3 Month Scan Results: "Unfortunately, Ariane…"

You know when you’re just going through life, bossing the hell out of it and thinking to yourself, 'Damn, I got this down'? Yeah, that was me for the last month. I’d been living in Sicily, eating gelato and arancini daily, drinking spritz in the sun and swimming in the crystal-clear coves. Life was good; life was very, very good. Chemo, cancer and hospital visits were a distant memory. I was looking great; my hair was growing back and my skin was glowing thanks to a bit of sunshine – why is it that everyone looks great with a tan?! Even my period, as if by some lunar magic, had returned. Equilibrium had finally been restored.
I flew back to the UK on Sunday 23rd April in time for my three-month CT scan, to check things were still going swimmingly and to confirm that my last PET scan had just been a red herring, an anomaly. My consultant’s words rang in my ears – “If you feel well then you are well” – and I felt fucking great. The day before results day I’d left random WhatsApp messages on friends' phones. “Hey! Only me, getting my results tomorrow but not even worried about it in the slightest, going to boss it! Come visit me in Italy soon please! Okay, Looooooooove Yoooooooouu. Ciao Ciao!!”
Results day and I strutted into the hospital, the confident, healthy person I now was. Rested, relaxed, glowing with vitality and life. I visited my chemo nurses to deliver them some Sicilian treats. They hugged me tightly, beaming from ear to ear. “You look great!” they exclaimed, all smiles and elation. “Doesn’t that hair suit you?” “You’re rocking it girl!” Yep, yep I was, I was fucking rocking it. What a smug bastard. Within 20 minutes I’d be out of this hospital and on the next flight back to Palermo, back to my four-month-long holiday and the sun, Barry and the good life.
I waltzed down the corridor for my weigh-in, bantering with the nurse about my new palazzo-style trousers and how goddamn glamorous I was looking now I was back to my normal, healthy weight. I sauntered into my consultant's office, not a care in the world.
“Now unfortunately, Ariane, it’s not good news” and just like that the smile is wiped from my face. Everything stops. The world, as I now know it, stops. Time stops. All I can hear is my mum’s breath, next to me. That horrible raspy, long, sighing-out breath of someone who can’t quite believe what they’re hearing, exhaling loudly as a means of stopping themselves from crumbling and crying, from ending up a heap of emotion and soggy tears on the floor. I do not cry, I will not let myself. I swallow back the tears. My pragmatic head kicks into action.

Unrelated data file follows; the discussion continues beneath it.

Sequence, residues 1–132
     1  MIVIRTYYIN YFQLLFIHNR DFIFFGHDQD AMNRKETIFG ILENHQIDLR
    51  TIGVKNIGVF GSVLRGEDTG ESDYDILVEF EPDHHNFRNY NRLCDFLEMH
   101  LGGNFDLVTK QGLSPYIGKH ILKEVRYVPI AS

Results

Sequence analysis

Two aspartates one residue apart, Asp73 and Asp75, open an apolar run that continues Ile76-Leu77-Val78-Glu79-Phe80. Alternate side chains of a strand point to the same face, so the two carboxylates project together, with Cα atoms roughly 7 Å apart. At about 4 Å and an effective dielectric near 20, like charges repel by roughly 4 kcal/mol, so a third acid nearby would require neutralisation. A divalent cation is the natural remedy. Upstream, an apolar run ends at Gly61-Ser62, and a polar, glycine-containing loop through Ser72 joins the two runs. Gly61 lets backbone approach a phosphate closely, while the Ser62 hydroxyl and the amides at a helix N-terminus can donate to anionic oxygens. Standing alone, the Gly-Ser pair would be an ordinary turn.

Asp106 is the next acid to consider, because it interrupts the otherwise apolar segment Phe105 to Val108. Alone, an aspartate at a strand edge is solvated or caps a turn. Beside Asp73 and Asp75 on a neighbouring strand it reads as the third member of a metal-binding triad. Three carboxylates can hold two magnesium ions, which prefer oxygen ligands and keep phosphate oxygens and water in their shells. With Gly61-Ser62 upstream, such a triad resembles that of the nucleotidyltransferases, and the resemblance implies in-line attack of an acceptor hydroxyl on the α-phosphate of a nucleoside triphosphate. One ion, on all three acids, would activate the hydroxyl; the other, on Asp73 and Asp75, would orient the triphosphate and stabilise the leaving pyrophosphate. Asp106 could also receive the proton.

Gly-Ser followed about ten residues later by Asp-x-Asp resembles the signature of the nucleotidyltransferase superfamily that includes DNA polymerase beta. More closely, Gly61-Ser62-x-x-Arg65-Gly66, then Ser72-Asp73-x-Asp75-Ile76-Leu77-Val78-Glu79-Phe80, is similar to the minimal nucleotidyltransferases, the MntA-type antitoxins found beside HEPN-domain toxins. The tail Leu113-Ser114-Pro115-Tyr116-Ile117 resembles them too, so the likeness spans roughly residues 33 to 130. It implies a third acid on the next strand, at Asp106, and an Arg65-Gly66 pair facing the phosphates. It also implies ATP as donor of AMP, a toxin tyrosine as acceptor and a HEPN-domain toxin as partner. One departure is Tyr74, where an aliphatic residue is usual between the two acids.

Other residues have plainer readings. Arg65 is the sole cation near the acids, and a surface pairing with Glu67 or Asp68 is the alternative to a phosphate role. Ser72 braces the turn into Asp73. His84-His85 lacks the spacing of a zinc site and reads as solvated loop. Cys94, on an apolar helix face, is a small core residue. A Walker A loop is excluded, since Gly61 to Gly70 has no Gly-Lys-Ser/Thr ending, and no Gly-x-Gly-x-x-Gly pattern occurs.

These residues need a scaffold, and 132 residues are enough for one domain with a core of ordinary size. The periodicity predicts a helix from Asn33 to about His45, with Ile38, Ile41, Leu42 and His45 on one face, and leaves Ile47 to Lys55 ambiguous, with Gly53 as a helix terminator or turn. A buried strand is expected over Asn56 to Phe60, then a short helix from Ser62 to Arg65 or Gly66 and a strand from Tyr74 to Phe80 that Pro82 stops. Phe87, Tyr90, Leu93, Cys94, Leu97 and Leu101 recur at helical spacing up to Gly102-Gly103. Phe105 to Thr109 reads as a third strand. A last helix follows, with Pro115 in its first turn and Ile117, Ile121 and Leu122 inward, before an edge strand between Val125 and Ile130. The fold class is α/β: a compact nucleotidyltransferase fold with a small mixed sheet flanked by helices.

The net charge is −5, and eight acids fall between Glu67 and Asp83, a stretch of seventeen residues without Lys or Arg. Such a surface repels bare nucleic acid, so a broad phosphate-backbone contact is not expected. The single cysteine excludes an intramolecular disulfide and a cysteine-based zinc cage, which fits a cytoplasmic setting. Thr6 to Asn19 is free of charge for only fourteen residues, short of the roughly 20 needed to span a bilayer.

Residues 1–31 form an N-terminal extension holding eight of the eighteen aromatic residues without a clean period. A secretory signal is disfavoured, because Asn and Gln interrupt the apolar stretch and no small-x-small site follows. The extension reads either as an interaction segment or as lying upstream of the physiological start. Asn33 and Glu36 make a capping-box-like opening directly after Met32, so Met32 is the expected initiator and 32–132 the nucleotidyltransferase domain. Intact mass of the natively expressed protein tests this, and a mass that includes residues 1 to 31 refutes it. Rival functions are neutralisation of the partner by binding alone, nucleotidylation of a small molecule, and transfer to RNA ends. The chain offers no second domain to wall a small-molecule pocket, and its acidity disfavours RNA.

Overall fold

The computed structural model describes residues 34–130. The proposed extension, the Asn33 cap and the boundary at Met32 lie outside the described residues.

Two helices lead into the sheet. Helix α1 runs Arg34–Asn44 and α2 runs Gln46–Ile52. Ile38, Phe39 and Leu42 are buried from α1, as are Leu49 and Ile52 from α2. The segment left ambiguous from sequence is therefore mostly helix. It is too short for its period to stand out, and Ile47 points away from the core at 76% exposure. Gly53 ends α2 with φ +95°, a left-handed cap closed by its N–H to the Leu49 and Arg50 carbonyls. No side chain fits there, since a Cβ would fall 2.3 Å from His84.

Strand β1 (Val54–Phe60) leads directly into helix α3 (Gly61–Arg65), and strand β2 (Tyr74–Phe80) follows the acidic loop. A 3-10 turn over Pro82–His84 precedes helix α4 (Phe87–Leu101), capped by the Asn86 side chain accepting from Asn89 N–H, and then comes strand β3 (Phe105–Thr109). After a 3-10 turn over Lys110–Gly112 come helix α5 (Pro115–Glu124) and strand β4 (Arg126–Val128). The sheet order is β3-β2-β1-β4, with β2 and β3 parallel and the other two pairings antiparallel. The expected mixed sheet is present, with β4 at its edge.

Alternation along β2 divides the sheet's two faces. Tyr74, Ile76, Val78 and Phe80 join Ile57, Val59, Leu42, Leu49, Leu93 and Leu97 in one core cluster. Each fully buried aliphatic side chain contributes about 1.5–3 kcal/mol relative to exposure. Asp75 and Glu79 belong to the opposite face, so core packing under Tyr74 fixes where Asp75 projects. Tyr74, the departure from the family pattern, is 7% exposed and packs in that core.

Turns out there’s a 19mm tumour in my chest, still, right behind my breast bone. 19 fucking mm, that is all. The minuteness of it making it even more painful to grasp. It’s a tough pill to swallow. Tougher than all those nasty steroids and cancer drugs I’ve swallowed over the last year, that’s for certain. I’ve been so positive, so brave, shown the utmost strength and courage. The support network that has surrounded me has been more than I ever could have imagined. I have literally been shitting positive vibes and PMA. But sometimes nature and science has the final say.
I spend the next few hours in a state of numbness, wandering around Bath with a bewildered look on my face. Really and truly, I feel like giving up. What is the point, I ask myself? What has been the point of this whole year? I am not sure, I am confused. I feel like I have failed at fighting cancer. Why hasn’t the treatment worked fully? Why have I not gone into remission? Why the fuck is this happening? Why me? The evening is spent in bed, buried under my duvet, tears of bitterness and resentment trickling down my face. Anger seeps out of me, it soaks my bedsheets and coats my dreams. Unfairness, frustration and despair trample over my soul.
Thankfully, my old trusty friend, bravery, comes along to save me and kick my arse back into reality and rational thinking. What is a few more months of crap for a lifetime of fun? It tells me. Accept and be brave, accept and be brave. The mantra of my life plays over and over.
It’s not all bad. If I have to have more chemo then I’ll rent a Georgian flat in Bath, pretend I’m Jane Austen (the chemo chic version) for a bit, writing to keep sane. I will keep on with the humour and the positive thinking.
I even managed to slip back to beautiful Sicily for one last week of sunshine, eating as much seafood pasta and ice cream as my gob and belly would allow, feigning that I was a happy twenty-something once again.
For now, though, it’s back to Blighty for more scans, more biopsies, more waiting for results, more anxiety and more struggle. I’m hoping, so fucking badly, that there has been a mistake. That when I have my follow-up PET scan it will show zero cancer cells and that the lump is in fact just leftover scar tissue, a benign tumour that has been left there to taunt me. This is wishful thinking, I know. If I don’t get the results I want then it will likely be more gruelling chemo and a stem cell transplant – the cherry on the top of what has been the coldest, cruellest ice cream of my life.
Cancer, you bastard, I’m not finished with you yet.

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